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Photo: Courtesy of John Harfield

Photo: Courtesy of John Harfield


The Inertia

A year ago this month, I told the story of A Road Trip to the Outer Hebrides, about a farewell surf trip for one of my best mates, Neil MacKenzie, more affectionately Bell. Bell left Scotland for Canada to pursue his career with his newly obtained “Dr.” title, and as explained in that story, we decided to give him a send off. Sadly, I didn’t know exactly how much of a farewell this would be.

Very recently, I learned that Bell fell victim to an ice-climbing accident scaling Mount Joffre. Tragically, he did not survive. Words cannot begin to entirely describe the feeling you get when you hear news like this about such a close friend. There is disbelief, and shock, and anger, and heartache.

Bell was a very experienced mountaineer and an incredible rock climber. He was the first and last person I climbed with. He was also my most dependable and enthusiastic surf buddy. No matter what the conditions — and I really mean no matter — Bell was always up for it.

My fondest memories are of us going down the Scottish Coast in the middle of winter, even though it always snowed a blizzard and the charts (correctly) predicted they would be no waves. Sitting together in the icy water, looking back at the snow-covered beach with only our footsteps on it, will stick in my mind forever.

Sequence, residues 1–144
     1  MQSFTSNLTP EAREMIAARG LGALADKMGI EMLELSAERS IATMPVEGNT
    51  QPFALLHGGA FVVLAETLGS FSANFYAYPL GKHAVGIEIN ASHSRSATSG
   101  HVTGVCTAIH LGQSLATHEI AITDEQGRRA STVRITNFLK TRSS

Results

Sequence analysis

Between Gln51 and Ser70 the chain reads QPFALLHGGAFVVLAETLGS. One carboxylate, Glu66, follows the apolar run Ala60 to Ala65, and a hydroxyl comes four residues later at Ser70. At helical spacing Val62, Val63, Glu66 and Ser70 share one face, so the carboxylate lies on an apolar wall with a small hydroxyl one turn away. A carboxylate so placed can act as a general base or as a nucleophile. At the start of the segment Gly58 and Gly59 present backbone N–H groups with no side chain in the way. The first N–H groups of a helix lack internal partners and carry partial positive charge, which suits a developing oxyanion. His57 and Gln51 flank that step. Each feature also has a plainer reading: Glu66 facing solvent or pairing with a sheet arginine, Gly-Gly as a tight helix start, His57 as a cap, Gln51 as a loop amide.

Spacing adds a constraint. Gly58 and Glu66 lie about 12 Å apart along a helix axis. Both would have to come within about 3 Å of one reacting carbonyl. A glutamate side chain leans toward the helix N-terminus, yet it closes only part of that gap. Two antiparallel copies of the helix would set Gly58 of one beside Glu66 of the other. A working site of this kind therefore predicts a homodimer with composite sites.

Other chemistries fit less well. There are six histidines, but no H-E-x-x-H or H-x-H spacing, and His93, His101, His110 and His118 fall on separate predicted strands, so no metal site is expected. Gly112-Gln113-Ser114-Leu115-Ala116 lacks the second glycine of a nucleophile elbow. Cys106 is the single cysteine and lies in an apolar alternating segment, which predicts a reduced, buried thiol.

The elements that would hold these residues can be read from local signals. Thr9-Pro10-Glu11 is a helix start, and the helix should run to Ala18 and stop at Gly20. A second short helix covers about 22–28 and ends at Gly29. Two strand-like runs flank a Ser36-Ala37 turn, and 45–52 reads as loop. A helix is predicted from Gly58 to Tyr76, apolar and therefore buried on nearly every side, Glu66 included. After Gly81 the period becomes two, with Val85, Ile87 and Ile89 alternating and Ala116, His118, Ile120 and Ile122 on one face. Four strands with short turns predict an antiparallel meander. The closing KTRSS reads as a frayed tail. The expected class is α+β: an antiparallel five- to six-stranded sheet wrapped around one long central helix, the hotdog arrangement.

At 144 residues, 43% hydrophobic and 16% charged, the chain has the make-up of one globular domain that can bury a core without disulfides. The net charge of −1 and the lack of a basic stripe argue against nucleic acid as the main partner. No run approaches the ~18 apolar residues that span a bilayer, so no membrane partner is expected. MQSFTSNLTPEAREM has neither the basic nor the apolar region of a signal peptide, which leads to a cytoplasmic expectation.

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Or camping over at the beach in his beloved van, spending the night listening to his horrendous snoring, and waking up at the crack of dawn for an early morning surf before the long drive to work that day. Again, with barely a wave in sight.

Or him thinking his 3mm wetsuit with no boots or gloves would do him good for a December surf in the baltic Scottish sea, resulting in him running lengths of the beach to try and warm up, while I sat in the water watching him in hysterics.

Everything was amazingly fun with Bell, whether we surfed microscopic waves, climbed a sea cliff, or simply walked down the street together. I think back to the decade I have known him and cannot think of a single moment I spent with him which was even remotely dull or didn’t end up in hilarity. He jam-packed more into his 31 years than most of us will in a lifetime. Bell was a true one-off, a man with an incredible lust for life and he’ll be dearly missed by an unbelievable amount of people.

I would give anything for one more wave with him. Next time I think of going for a surf and see that it’s going to be flat, or freezing cold, or too windy… I’ll go anyway. Bell would.

And I want to be more like Bell.

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Photo: Courtesy of John Harfield

Photo: Courtesy of John Harfield

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